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  • Peter Baker and Katie Rogers
    March 15, 2020, 10:47 AM CDTtrump bolsonaro
    (THIS WAS A PICTURE OF THE DINNER TABLE of President Donald Trump
    and Brazilian President Jair Bolsonaro, left, during a dinner at Trump’s Mar-a-Lago
    resort in Palm Beach, Fla., March 7, 2020. (T.J. Kirkpatrick/The New York Times)
    WASHINGTON — The lights were low and the disco balls spinning as a cake
    with a fiery sparkler shooting flames into the air was brought out to a robust
    rendition of “Happy Birthday,” joined by President Donald Trump. The birthday
    girl, Kimberly Guilfoyle, the girlfriend of Donald Trump Jr., then pumped her fist
    in the air and called out, “Four more years!”
    It was a lavish, festive, carefree Saturday evening at Mar-a-Lago a week ago in
    what in hindsight now seems like a last hurrah for the end of one era and the
    beginning of another. In the days since then, the presidential estate in Florida has
    become something of a coronavirus hot zone. A growing number of Mar-a-Lago
    guests from last weekend have said they are infected or put themselves into
    quarantine.
    A week later, the White House physician announced on Saturday night that the
    president had tested negative for the virus, ending a drama that played out for days
    as Trump refused repeatedly even to find out whether he had contracted it after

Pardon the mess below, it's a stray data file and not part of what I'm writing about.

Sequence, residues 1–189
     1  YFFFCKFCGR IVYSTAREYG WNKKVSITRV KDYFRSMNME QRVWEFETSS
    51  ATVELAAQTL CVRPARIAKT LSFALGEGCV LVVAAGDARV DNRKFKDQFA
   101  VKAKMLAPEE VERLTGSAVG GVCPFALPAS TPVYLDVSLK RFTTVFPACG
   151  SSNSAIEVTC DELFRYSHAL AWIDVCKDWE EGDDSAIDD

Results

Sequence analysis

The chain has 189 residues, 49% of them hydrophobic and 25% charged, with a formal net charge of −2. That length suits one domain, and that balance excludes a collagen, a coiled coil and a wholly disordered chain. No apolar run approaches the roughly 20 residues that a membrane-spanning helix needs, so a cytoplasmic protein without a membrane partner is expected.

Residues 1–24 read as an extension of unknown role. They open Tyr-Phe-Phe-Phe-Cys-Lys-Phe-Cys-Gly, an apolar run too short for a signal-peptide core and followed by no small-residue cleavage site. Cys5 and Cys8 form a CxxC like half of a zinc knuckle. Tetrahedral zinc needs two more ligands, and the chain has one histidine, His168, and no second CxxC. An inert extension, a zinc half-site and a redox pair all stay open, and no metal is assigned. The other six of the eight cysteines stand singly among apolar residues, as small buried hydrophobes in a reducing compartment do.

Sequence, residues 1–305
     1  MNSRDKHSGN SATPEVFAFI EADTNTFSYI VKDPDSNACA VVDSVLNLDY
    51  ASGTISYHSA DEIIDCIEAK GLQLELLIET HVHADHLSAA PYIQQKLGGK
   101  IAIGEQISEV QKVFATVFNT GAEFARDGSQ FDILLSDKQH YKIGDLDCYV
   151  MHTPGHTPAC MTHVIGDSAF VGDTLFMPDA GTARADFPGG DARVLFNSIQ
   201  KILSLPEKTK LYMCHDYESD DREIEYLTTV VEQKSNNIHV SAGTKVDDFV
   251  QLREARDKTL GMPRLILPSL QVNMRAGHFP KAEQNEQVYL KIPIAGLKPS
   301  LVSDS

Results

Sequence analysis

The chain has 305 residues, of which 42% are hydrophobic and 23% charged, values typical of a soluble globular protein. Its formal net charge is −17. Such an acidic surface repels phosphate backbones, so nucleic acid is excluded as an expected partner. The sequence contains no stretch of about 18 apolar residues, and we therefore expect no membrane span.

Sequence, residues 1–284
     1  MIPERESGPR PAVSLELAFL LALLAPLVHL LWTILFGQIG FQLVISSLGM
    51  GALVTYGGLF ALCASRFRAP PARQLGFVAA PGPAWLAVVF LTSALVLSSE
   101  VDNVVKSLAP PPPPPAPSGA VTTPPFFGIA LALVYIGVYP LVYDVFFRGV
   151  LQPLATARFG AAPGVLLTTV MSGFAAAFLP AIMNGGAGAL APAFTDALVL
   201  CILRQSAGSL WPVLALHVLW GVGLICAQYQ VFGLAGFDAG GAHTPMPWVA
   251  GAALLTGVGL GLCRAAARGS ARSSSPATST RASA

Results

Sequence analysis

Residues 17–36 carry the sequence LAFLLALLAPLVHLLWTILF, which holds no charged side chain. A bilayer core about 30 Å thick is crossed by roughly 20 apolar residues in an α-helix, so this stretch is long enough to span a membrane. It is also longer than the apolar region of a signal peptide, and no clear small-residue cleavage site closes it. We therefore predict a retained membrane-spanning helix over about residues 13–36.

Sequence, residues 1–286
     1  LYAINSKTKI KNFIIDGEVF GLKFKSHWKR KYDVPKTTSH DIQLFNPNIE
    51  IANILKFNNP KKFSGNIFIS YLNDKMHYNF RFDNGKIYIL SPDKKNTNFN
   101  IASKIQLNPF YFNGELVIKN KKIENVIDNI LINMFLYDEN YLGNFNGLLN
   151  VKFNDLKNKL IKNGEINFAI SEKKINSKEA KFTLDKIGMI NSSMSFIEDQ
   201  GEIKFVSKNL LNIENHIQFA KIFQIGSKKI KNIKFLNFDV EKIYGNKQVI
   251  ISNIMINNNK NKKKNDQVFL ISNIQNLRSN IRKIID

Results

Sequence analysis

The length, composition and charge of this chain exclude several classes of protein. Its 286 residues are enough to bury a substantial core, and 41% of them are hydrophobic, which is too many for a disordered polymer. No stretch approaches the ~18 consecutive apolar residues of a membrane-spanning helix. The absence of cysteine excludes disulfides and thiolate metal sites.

exposure to multiple infected people. The result came less than 24 hours after the
    White House put out a misleading midnight statement saying there was no need for
    such a test at roughly the same time the president by his own account was actually
    undergoing one in deference to public pressure.
    But either way, the Mar-a-Lago petri dish has become a kind of metaphor for the
    perils of group gatherings in the age of coronavirus, demonstrating how quickly
    and silently the virus can spread. No one is necessarily safe from encountering it,
    not senators or diplomats or even the most powerful person on the planet
    seemingly secure in a veritable fortress surrounded by Secret Service agents.
    Some of last weekend’s guests worried it may be a sign of the times and the last
    party of its sort for a while at Mar-a-Lago. “I hope not,” Rep. Matt Gaetz, R-Fla.,
    wrote in a text message. “Humans interacting with one another are typically
    happier and more productive in my experience.”

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